Effects of chewing gum on short-term appetite regulation in moderately restrained eaters

Appetite. 2011 Oct;57(2):475-82. doi: 10.1016/j.appet.2011.06.008. Epub 2011 Jun 28.


Orosensory stimulation is an important contributing factor to the development of satiation. Providing orosensory stimulation with few calories may satisfy appetite and help to suppress cravings for high energy snacks. This may be a useful strategy for those motivated to lose or maintain weight. The present study tested the hypothesis that chewing sweetened gum will reduce subjective appetite and subsequent snack intake in moderately restrained eaters. Within-subjects, repeated measures study, sixty healthy participants (53 women; body mass index, in kg/m(2): 26.2±4.5) came to the laboratory 4 times for a standard lunch. Immediately after this meal, participants rated hunger, appetite and cravings for sweet and salty snacks every hour until they returned to the laboratory 3 h later for snack. On two occasions during this 3 h period participants chewed gum for at least 15 min at hourly intervals (45 min) and on two occasions no gum was chewed. On two occasions salty snacks were offered and on two occasions sweet snacks were provided. A small but significant reduction in snack intake was observed, chewing gum reduced weight of snack consumed by 10% compared to no gum (p<0.05). Overall, chewing gum for at least 45 min significantly suppressed rated hunger, appetite and cravings for snacks and promoted fullness (p<0.05). This study demonstrated some benefit of chewing gum which could be of utility to those seeking an aid to appetite control.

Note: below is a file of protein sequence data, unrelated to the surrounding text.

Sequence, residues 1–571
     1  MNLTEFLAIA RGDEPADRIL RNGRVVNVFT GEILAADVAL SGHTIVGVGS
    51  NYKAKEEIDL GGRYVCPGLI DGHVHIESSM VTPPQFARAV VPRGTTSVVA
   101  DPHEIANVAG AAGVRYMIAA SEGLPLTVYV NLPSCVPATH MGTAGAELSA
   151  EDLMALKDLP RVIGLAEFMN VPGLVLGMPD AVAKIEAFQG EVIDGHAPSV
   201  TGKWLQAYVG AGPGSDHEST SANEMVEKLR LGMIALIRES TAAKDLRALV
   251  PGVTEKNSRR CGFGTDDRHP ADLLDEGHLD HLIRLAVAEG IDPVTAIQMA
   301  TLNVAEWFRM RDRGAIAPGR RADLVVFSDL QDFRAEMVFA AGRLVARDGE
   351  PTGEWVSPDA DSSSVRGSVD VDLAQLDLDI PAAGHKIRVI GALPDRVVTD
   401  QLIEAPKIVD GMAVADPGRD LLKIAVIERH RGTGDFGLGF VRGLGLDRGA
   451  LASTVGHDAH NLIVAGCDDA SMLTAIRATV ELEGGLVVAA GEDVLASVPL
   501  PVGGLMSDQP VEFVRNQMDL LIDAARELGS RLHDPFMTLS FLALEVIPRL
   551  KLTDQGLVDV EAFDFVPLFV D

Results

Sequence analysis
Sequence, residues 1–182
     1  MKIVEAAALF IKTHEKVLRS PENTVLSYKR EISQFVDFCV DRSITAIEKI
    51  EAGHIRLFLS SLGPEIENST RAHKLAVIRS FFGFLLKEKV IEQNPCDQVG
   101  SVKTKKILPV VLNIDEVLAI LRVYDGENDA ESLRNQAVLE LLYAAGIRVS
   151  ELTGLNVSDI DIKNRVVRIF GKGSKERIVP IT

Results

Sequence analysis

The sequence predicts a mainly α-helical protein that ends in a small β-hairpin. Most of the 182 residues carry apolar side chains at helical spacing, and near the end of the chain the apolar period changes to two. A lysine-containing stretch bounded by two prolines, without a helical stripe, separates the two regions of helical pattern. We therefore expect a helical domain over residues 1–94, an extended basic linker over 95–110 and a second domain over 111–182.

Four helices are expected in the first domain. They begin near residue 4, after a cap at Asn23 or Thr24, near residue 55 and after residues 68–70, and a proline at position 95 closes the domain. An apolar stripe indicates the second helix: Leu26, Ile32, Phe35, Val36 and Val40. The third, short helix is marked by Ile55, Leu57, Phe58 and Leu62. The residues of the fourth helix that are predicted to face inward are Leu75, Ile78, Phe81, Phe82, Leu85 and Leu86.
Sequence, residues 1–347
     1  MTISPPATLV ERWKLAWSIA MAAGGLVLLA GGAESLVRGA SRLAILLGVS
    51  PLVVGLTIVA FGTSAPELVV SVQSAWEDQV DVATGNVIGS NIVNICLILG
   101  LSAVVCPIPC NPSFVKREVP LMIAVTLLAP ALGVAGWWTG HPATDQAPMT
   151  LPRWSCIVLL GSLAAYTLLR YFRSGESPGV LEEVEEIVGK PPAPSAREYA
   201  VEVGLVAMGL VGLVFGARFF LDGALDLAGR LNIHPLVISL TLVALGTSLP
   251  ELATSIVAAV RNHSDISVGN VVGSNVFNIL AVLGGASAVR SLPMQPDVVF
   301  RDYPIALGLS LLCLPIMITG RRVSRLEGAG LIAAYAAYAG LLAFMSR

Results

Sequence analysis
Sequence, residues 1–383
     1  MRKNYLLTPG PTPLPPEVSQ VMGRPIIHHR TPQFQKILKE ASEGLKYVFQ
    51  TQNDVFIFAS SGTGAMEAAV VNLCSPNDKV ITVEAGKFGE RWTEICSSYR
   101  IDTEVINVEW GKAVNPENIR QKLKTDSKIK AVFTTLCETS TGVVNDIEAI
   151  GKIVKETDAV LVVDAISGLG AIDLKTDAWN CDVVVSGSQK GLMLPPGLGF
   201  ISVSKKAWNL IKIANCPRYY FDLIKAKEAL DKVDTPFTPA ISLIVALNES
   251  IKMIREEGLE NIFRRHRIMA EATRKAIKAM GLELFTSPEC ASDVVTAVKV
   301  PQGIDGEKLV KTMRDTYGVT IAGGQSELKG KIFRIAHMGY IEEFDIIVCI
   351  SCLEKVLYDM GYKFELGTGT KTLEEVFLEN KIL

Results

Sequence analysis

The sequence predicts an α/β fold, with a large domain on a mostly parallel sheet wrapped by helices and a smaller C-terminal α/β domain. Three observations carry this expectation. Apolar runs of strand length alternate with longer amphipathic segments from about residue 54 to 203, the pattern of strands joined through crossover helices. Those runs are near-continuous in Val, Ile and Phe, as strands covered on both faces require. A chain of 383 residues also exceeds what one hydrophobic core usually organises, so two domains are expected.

Publication types

  • Research Support, Non-U.S. Gov't

MeSH terms

  • Adolescent
  • Adult
  • Appetite Regulation / drug effects*
  • Body Mass Index
  • Body Weight
  • Chewing Gum*
  • Eating / drug effects*
  • Energy Intake
  • Female
  • Humans
  • Hunger
  • Male
  • Mastication
  • Middle Aged
  • Satiation
  • Taste
  • Young Adult


  • Chewing Gum